Expecting the entirety of Pride to be kid-safe is ahistorical, treats adults like children, and requires you to smack them homophobic glasses right back on your eyeballs and insist that the Bad Queers go back into the closet.
8) And now let's talk about the 'pedophile' angle of this that keeps coming up, and the 'grooming' bit:
Fucking stop it.
Using those words against queer adults who are literally just there enjoying the company of other queer adults is fucking violence. Those are the accusations which got (and still get) queers evicted, fired, and beaten to death.
Fucking stop it. Using those words at a man wearing leather pants in public is obscene, and it's fucking violent, and it removes the strength from those words which we still need to have strength...
bc if we make people who hear those words think 'oh, that's probably nothing, they're probably raging because that person is an adult doing kinky consensual things with other kinky adults' then ACTUAL problems will get swept under the fucking rug.
So, IN CONCLUSION:
How DARE you come to an event founded by kinksters and swarm around them like the other animals clamoring at the Little Red Hen for the bread she baked?
How dare you look at the leather daddies who survived AIDS and say "we climbed on your back to where we are now, where big corporations see the dollar signs in the queer community rather than condemning us to literally die in the streets...
... now go away, because you're unsightly and we don't wanna see you anymore?"
How DARE you look at Dykes on Bikes who nursed and buried their dying friends when no one else would and say "mmm, you're a pedophile actually because you want to go topless in the sun and show off the tattoos that you got in defiance of a world that didn't want you to live...
... and ride through the street with your lover's arms around you for one day, pretending this world still doesn't want you dead?"
How dare you wield the very important language of consent like a fucking scythe against your fellow queers?
That is a tool, not a fucking weapon.
Do not use it to attack our history, this event that your elders made for you.
Do not climb up on the backs of the dead who went before you and sneer down at the ones who lifted you up.
Make your own Kiddie Pride if you want to.
Leave your elders alone.
One thing I'm gonna add here because I find it ironic:
The "homophile societies" whose marches preceded Stonewall?
They often had signs on their door:
They were so concerned with LOOKING CORRECT & PROTECTING THEMSELVES that they abandoned queers in need.
They were so worried that people might think they weren't "respectable" that they wouldn't associate w/kids at all! No, young gays, go away, or people might think we're pedophiles!
Go away, drags! (At that time this included cis drag artists & transfem ppl) We're not like YOU.
So in the ultimate of ALL ultimate ironies, if the "respectable homophiles" of the Stonewall Era had their way, PRIDE WOULD BE AN ADULTS-ONLY EVENT, and an all-cis one.
I guess we're lucky the deviant queers were the ones who founded Pride, hunh.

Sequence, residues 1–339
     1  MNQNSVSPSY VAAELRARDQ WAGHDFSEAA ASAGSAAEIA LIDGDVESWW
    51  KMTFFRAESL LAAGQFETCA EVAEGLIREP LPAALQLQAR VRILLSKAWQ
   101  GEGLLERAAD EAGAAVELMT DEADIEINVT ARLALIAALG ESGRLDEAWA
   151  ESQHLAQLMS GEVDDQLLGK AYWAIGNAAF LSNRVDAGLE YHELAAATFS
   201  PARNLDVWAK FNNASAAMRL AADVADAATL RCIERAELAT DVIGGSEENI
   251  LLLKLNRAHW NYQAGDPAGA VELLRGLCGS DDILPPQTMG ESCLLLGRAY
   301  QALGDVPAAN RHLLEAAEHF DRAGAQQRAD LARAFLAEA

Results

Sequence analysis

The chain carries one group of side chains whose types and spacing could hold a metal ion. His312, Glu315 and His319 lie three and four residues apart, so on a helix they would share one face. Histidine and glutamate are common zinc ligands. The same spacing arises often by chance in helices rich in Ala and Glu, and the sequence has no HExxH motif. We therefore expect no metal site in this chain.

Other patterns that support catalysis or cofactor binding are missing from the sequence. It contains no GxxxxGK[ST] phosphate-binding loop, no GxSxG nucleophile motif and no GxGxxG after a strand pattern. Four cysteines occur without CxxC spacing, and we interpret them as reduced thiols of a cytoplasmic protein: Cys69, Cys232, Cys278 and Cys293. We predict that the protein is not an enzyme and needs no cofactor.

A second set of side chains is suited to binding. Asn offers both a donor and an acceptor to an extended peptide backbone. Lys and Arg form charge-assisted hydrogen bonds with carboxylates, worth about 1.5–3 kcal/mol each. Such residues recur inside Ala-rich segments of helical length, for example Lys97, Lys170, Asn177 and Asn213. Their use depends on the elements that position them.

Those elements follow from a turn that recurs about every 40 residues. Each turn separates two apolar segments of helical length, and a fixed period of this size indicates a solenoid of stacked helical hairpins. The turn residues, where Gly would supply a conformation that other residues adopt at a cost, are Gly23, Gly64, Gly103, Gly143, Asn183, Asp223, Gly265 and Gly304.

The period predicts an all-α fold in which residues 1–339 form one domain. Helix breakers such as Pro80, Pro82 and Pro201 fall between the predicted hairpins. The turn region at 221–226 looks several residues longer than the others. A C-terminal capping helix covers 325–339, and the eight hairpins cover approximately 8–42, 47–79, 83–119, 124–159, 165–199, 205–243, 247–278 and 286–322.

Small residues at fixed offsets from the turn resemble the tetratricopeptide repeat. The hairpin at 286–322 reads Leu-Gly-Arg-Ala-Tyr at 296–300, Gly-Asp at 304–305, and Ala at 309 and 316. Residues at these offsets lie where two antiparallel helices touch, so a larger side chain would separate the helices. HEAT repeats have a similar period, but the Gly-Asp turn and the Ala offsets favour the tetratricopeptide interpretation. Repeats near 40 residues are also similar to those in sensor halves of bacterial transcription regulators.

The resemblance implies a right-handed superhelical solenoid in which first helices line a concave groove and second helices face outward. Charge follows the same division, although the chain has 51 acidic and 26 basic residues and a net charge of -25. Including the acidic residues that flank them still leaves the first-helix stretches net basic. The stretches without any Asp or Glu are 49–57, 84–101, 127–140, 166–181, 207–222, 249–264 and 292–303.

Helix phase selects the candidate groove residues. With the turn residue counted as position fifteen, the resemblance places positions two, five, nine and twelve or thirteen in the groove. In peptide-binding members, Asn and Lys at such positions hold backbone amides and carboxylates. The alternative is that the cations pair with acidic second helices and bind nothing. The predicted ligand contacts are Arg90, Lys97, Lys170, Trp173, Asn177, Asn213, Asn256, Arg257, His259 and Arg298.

Look folks. The 80-year-old leather daddies that you see marching in our Pride parade in MPLS with a huge Leather Pride flag watched a ton of their friends die while our government and our society laughed at them. Their Leather families were sometimes their only families. 1/
People who are too young to remember AIDS need to take several steps back and learn some queer history. Those folks deserve our respect, and deserve our collective joy that they can be who they are now, and our collective grief that so many of them are gone.2/
All across this country, the first Pride parades saw a ton of violence and push back. Many of them were radical, unpermitted events. Stonewall was a riot. The corporatization of pride is a very new thing. It's not because they care about us, it's because they care about our $ 3/
Queers have been indicating to each other through various means since forever that they are queer whether it's where they're wearing their keys, or what color their bandana is, because they were afraid of getting killed by people If they were more overt, and rightfully so. 4/
Pride is the only time where we get to collectively publicly celebrate our queer elders who died so that we could stand here, and take advantage of the full freedom they fought for, such as it is. Erasing kink and especially Leather from Pride erases parts of our history. 5/
If you don't like it, don't go. If you don't want to have conversations with your kids about our dead elders and why those leather daddies are dressed like that, don't go. There are kid-friendly events all over the place. But corporate Pride is not our history. 6/
A lot of people want to enjoy the benefits that our elders fought and died for, without honoring the history, and frankly it's fucking gross. And it's gross that so many people are so loudly proclaiming their ignorance, and their lack of love for our elders. 7/
If you think Leather and kink don't have a place at Pride, you are not my ally. Just say you want to have a big party with all of the free stuff, and a giant parade, without having to learn anything about our history, and leave. /